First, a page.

Dragon DRA60331 USMC M4A2 Sherman Medium Tank - D Company, 1st Marine Amphibious Corps Tank Battalion, Tarawa, 1943 (1:72 Scale)
"The only way you can win a war is to attack and keep on attacking, and after you have done that, keep attacking some more."
- General George S. Patton Jr., January 1945
The M4 Sherman medium tank was regarded by many as the workhorse of the US Army during World War II. In fact, virtually all of the Allied armies employed the Sherman in their armed forces, including the British, who developed an upgunned variant called the "Firefly". Eleven different US plants manufactured six basic models of the Sherman, and by June 1944 over 49,234 battle-ready vehicles had been produced. While it was no match for the German Panther or Tiger tanks, the Sherman soldiered on, using its weight in numbers to wrest control of Europe from the Wehrmacht.
Now Dragon Armor has introduced a sublime 1:72 scale model of an M4A2 then deployed to Tarawa. The model is of a Sherman of Company D, 1st Marine Amphibious Corps Tank Battalion. Designed to supplement those lighter M3 tanks already in service, the battalion had four companies (each with three platoons of four tanks, plus an HQ platoon) of M4 tanks. This model shows 'Destroyer' of D Company painted in typical USMC painting and with an array of markings added. In the Battle of Tarawa, Marines suffered nearly 3,000 casualties, and of the 4,700 Japanese defenders, only 17 survived. For those wishing to commemorate or model this fierce battle, then this Dragon Armor item will prove indispensable. Sold Out!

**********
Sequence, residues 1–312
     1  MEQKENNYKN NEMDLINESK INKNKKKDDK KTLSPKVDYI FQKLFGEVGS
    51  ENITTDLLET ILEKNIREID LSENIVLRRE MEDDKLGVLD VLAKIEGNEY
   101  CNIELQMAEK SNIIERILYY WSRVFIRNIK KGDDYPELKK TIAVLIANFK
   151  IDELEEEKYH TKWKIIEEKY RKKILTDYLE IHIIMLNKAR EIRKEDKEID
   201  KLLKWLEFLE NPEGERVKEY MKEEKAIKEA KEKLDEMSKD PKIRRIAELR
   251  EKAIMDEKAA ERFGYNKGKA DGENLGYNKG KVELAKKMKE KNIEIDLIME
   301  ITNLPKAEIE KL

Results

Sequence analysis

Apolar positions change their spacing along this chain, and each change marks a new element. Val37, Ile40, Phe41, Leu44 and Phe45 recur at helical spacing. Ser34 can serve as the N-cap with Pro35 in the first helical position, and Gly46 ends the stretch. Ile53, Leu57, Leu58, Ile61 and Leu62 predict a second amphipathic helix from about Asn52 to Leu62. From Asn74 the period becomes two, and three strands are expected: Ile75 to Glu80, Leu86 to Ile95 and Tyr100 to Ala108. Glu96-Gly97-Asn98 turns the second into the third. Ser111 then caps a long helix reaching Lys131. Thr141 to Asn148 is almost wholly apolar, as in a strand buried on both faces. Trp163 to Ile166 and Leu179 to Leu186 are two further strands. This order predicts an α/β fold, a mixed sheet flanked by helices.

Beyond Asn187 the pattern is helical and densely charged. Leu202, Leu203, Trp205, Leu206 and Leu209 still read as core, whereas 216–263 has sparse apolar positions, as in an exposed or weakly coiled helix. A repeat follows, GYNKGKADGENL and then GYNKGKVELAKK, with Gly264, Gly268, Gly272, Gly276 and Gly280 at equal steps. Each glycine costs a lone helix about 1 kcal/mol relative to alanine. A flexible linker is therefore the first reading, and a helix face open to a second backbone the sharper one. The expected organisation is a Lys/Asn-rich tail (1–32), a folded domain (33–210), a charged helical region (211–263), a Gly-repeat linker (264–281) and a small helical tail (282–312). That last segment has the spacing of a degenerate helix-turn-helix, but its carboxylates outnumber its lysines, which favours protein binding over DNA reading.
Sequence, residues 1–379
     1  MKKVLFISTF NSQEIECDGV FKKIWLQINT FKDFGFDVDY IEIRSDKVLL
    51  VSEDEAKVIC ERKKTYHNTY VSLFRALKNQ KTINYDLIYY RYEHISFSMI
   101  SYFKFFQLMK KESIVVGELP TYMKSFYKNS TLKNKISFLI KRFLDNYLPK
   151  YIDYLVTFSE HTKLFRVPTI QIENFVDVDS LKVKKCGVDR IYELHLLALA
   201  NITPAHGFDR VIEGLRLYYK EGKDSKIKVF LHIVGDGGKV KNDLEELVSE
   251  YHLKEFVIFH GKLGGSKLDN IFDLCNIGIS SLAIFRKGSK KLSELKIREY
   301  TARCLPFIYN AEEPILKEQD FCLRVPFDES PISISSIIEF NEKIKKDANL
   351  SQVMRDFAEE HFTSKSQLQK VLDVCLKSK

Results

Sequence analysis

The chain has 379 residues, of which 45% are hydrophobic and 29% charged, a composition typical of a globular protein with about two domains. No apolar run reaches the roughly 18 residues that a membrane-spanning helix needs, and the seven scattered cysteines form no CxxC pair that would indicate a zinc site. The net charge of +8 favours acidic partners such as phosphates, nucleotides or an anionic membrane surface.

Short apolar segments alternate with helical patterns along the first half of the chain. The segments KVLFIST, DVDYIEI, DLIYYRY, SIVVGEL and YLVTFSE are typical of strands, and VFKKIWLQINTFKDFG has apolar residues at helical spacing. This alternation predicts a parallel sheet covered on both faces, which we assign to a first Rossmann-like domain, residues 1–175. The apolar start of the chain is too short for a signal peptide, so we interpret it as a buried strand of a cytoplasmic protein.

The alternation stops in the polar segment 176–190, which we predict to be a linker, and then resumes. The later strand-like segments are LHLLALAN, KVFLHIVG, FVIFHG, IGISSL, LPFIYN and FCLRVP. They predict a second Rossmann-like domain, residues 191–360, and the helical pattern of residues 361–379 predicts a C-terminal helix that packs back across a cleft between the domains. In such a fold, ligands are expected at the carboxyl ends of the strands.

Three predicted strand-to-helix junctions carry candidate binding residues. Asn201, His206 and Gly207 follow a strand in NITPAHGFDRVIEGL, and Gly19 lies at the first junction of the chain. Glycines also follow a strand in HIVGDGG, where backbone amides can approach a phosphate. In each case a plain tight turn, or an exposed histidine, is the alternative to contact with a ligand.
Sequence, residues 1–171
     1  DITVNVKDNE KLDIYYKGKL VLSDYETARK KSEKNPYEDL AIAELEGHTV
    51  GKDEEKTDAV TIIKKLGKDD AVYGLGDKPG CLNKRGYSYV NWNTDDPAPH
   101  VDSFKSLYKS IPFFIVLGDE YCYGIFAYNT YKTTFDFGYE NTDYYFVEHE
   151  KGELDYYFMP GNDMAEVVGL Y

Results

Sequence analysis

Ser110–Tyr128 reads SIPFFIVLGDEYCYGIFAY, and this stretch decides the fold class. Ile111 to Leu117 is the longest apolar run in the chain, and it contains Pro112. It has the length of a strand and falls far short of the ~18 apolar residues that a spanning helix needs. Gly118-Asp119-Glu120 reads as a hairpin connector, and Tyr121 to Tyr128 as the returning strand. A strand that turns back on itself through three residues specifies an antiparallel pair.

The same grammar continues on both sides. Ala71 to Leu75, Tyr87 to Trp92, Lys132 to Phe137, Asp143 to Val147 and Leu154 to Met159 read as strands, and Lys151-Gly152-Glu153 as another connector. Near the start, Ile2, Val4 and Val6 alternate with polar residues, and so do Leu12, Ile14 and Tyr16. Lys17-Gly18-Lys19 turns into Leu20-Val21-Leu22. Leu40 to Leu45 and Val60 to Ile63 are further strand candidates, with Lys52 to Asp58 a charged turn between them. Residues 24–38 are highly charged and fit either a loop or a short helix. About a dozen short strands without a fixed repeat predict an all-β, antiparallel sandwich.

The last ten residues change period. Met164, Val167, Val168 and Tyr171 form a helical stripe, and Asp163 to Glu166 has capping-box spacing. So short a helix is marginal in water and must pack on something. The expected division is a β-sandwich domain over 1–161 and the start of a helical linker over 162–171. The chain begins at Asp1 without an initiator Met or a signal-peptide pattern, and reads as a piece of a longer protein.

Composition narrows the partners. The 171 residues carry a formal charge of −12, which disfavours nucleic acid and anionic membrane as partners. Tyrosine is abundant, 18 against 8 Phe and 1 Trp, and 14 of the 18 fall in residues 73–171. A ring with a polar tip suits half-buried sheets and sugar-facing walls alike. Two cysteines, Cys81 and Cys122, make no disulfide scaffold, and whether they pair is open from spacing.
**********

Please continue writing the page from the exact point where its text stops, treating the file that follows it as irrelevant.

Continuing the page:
Length: 3.25 inches
Width: 1.5 inches
Release Date: December 2007
Historical Account: "Forlorn but Not Forgotten" - Betio is Tarawa's main island, though it is less than 3 miles long and half a mile wide. In 1943 this diminutive island and its airfield were defended by 4,700 Japanese troops in a labyrinth of pillboxes and trenches surrounded by barbed wire and minefields. The daunting task of capturing the island fell upon the 2nd Division of the U.S. Marine Corps.
As the assault began on November 20th, 1943, Marines wading through the waist-deep water and razor-sharp coral of the beaches were mown down by machine-gun fire.
It was not till the next day that the Marines, supported by tanks and artillery, could break out from the bloody sands of Tarawa. Savage fighting continued for two more days until the island was won.